Clio Wired: Final Post

I think what struck me most this semester was the ability for digital tools to actually enhance, rather than just present, scholarship.  Tools like text mining and visualizations which actually help scholars produce work that wouldn’t have been physically possible to produce in the past are for me, the most surprising aspect of digital humanities.  I was also frankly surprised by how much work has already been accomplished in the digital humanities, despite not always receiving recognition from traditional academia.  Although there has not been full recognition in terms of tenure, promotion, etc., digital humanists seem to be steamrolling ahead in their goals for open access, digital learning, and more.  Although a lot of what digital humanists are up against seem like the most entrenched aspects of society–traditional tenure programs and subscription-only access to academic journals, etc.–it appears that they are not deterred, and because of that, are starting to gain a lot of attention.  I wonder if people’s skepticism about the educational possibilities of games echoed people’s reservations about the digital humanities in general many years ago.  Although I too am skeptical about games, this class made me think twice about being too shortsighted in terms of technology’s roles in society.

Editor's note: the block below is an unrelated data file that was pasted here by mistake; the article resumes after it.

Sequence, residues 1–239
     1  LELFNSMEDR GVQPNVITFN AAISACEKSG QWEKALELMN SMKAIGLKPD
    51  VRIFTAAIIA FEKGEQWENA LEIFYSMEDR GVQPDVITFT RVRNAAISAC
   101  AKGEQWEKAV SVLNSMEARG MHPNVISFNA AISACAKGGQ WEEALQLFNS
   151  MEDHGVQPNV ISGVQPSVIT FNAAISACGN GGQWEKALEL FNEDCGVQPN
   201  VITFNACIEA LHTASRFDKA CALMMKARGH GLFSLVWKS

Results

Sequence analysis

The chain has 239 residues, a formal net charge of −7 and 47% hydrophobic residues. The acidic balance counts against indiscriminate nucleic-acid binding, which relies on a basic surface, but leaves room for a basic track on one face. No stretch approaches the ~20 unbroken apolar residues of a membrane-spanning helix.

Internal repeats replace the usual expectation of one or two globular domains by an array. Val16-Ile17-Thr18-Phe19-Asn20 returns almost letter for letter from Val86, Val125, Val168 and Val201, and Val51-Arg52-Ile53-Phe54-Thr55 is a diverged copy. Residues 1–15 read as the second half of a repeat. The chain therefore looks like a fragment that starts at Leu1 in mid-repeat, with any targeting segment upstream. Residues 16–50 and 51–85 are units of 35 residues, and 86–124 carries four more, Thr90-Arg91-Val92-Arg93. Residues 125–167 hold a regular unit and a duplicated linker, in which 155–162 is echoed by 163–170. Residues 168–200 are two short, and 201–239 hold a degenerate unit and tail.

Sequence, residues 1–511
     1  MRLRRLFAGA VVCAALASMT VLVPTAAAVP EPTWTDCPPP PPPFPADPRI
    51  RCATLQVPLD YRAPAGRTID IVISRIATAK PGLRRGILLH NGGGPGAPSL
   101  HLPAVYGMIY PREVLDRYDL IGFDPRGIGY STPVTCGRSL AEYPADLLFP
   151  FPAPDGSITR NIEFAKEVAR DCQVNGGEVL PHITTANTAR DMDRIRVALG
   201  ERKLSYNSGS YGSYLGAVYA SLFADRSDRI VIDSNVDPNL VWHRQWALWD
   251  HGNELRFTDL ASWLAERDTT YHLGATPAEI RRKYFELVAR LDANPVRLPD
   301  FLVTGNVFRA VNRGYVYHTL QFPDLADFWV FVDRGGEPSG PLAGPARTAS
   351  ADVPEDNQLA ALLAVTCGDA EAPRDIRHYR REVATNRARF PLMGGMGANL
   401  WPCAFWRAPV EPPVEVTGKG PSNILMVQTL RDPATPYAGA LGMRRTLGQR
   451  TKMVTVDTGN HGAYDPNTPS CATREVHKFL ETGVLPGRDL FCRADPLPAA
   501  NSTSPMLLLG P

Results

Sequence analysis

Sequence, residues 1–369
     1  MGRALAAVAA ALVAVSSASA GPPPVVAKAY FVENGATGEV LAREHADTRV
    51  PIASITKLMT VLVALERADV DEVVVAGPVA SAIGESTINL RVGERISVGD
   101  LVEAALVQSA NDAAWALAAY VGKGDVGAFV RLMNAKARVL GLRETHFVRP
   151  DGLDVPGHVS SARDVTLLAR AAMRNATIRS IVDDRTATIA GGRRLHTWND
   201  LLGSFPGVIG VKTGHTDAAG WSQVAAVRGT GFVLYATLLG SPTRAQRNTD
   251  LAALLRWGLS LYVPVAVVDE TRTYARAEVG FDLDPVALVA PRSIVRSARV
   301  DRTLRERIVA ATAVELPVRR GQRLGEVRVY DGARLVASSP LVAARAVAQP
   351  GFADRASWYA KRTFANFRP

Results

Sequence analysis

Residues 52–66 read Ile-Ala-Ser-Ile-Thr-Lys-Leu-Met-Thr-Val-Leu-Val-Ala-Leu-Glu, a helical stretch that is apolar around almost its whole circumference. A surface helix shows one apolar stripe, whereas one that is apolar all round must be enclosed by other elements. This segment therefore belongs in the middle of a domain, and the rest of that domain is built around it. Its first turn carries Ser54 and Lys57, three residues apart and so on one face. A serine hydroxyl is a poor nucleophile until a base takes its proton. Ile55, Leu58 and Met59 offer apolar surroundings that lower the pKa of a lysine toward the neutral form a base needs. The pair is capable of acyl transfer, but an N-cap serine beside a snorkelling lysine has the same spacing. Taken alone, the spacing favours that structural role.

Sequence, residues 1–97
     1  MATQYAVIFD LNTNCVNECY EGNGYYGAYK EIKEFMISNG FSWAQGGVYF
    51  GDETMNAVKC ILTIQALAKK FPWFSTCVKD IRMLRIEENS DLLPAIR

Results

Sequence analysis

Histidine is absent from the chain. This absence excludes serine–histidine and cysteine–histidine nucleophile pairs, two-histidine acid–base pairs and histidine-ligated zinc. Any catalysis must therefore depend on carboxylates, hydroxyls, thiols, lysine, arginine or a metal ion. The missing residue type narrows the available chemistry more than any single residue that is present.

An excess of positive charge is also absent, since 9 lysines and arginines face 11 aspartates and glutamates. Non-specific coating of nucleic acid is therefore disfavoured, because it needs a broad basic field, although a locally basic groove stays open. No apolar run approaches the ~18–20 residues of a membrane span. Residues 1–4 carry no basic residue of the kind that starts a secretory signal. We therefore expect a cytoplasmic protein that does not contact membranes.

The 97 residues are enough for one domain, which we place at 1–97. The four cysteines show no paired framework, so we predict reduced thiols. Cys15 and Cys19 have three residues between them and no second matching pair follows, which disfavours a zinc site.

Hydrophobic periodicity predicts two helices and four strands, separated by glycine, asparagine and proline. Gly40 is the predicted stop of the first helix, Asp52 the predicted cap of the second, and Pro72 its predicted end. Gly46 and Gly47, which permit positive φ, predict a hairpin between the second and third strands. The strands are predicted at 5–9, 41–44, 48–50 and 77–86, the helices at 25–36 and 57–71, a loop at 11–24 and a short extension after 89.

The other aspect of the the class that was most enlightening to me was the ability of social media like blogs and Twitter to actually become part of scholarly conversation.  From the comments and responses on my own blog and Twitter feed, to the use of these media by scholars, it’s now clear  to me that having an internet presence is not a distraction from academic work, but an enhancement.  I’m not quite sure that I will keep blogging personally, but I hope to be involved in a blog in some professional way in the future.  I think I will also continue to use Twitter, because it seems like a great place to share ideas or find out about opportunities or events.  In contrast, I think I would try to keep Facebook separate from anything professional because it has so much personal information associated with it.

Woman Reading a Letter, Gabriel Metsu

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